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Overcoming hybrid and multi-cloud challenges to drive innovation

By Contributor
Wed 29 Jun 2022

Article by Cloudera APAC cloud director Stevie Walsh.

Driven by improvements in technology, financial services companies have advanced both internal and external systems and processes, with the likes of digitisation, personalisation and risk management redefining the industry. It's also not surprising that cloud computing and data are a huge part of this evolution.

Across Australia and New Zealand (A/NZ), cloud uptake has grown exponentially and now represents a significant proportion of the overall IT software market. In fact, at the end of 2021, expert analysts at the International Data Corporation (IDC) found that within A/NZ, cloud revenues grew 31%, to represent 45% of the total software market.

Meanwhile, GlobalData expects the cloud computing market in APAC to hit $191.8 billion by 2024, witnessing a CAGR of 7.7% between 2019 and 2024.

Pandemic-induced disruptions, evolving consumer behaviour, and extreme competition have also attributed to hybrid and multi-cloud environments as the new normal of computing. At present, 80% of organisations throughout the world have already adopted a hybrid cloud strategy, and 89% a multi-cloud strategy, according to Flexera's 2022 State of the Cloud Report.

These cloud-based architectures are also highly controllable, easily scalable, and cost-effective, allowing financial services companies to pick and choose individual cloud offerings to suit specialised needs. The ease at which stakeholders can share and access data with a hybrid cloud encourages a data-driven culture and helps companies to accelerate time to insight. It also helps fuel growth while still providing security and control over data, enhances customer-centricity, improves regulatory compliance and security threats, and reduces unnecessary complexities. This is crucial when dealing with investments, funds, and sensitive customer information.

The undeniable benefit of an enterprise data strategy

Data plays a critical role in modern financial markets and industries today more than ever. When speaking to our customers, one of the most prevalent issues is the struggle to manage and analyse huge volumes of data that they continue to collect. With multiple systems and platforms feeding data around the organisation and around the clock, good data governance and management are paramount to avoid reputational and financial damage.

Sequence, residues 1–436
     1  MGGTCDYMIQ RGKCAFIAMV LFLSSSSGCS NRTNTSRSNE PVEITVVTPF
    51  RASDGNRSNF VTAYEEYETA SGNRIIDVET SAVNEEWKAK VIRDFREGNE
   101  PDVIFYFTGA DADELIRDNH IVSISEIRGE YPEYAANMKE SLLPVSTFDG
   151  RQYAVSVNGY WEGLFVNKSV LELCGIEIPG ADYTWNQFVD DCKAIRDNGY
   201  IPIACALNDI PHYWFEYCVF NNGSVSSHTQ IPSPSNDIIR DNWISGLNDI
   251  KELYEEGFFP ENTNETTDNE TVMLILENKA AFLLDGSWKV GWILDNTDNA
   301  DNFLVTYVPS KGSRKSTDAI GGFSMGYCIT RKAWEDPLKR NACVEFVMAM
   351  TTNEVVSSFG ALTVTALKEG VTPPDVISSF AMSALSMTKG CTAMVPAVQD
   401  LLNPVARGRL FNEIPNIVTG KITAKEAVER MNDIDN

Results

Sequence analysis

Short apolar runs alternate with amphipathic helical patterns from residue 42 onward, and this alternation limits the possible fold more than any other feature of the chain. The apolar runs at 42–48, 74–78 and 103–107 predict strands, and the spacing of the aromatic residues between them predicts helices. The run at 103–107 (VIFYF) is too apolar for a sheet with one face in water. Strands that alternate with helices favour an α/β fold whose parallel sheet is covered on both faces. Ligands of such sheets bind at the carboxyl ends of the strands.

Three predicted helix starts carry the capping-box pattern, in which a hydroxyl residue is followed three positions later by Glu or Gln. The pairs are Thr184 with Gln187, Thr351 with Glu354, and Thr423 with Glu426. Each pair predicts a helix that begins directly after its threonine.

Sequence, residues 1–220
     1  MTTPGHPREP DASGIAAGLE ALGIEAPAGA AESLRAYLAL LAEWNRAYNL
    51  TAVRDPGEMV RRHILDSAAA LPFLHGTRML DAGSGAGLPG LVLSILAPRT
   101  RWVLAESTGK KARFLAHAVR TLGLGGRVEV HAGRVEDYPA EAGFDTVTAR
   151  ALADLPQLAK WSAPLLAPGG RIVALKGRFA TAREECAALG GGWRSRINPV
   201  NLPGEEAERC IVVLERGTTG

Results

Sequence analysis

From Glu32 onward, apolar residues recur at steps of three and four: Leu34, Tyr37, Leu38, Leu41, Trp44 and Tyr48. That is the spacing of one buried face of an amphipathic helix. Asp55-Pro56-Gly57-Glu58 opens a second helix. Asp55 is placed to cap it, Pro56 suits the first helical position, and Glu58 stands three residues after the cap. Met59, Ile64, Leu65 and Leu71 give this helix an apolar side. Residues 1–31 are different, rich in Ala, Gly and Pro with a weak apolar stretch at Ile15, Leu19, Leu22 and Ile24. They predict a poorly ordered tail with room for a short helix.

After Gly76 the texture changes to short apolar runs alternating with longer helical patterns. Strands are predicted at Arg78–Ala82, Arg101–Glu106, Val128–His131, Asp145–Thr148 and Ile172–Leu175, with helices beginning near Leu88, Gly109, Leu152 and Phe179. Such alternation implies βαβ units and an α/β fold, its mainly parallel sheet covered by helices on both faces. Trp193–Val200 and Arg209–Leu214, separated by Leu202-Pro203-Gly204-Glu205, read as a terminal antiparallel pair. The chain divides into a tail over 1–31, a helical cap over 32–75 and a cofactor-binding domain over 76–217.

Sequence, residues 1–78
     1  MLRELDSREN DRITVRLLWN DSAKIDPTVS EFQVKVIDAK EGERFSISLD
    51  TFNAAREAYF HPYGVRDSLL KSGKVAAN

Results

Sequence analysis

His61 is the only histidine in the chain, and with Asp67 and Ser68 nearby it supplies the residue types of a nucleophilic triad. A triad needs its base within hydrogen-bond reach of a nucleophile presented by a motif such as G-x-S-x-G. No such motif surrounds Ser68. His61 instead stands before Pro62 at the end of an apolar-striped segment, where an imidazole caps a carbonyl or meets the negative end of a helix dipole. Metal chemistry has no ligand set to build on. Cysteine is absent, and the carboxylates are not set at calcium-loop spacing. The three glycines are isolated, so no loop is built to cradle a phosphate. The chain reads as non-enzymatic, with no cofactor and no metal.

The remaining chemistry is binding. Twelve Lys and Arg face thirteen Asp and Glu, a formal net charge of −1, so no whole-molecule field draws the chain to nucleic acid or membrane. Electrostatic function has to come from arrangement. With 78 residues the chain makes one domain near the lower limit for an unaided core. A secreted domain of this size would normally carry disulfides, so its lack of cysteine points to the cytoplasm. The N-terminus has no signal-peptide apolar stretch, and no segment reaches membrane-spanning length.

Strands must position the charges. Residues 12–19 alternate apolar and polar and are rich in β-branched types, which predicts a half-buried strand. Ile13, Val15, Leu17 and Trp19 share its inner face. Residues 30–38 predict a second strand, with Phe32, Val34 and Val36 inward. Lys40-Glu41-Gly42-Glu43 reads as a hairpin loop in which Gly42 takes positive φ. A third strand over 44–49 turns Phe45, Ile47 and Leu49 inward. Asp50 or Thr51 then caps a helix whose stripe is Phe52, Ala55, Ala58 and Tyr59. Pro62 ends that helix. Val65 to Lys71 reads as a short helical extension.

According to Cloudera's Enterprise Data Cloud Maturity (EDC) Report, improving customer experience and satisfaction is an area where data and analytics are used in the finance industry across APAC, with 77% of senior decision makers (SDMs) and 58% of IT decision makers (ITDMs) saying their organisation is doing so.

Overall, the report found that 83% of SDMs and 81% of ITDMs also report their organisation has an enterprise data strategy in place, and 96% of SDMs agree that it's important to optimise data management within organisations. When it comes to monetary fallout, SDMs report annual losses of $125,882 because of missed opportunities involving data.

A robust data strategy will go a long way to ensure businesses are able to truly capitalise on the benefits of hybrid and multi-cloud solutions, such as improving customer experience and facing data challenges.

Hybrid and multi-cloud innovation halted by silos and security issues

As financial services companies move quickly to the cloud, those uninformed of data integration challenges and disadvantages of closed-source ecosystems often find their organisation's data siloed. These silos hinder hybrid data cloud and multi-cloud innovation and prevent stakeholders from extracting meaningful business insights from data.

Silos and closed-source technologies also make data governance and security across hybrid cloud and multi-cloud environments a challenge, which is of growing concern for the financial sector. The process of integrating technologies with proprietary data catalogues and security policies can be tedious, difficult and time-intensive, wasting significant resources while also introducing risk.

Silos and proprietary security also limit businesses' visibility of their data lineage, preventing enterprises from establishing proper audit trails and managing risk, making compliance challenging and inviting cybersecurity threats. ​​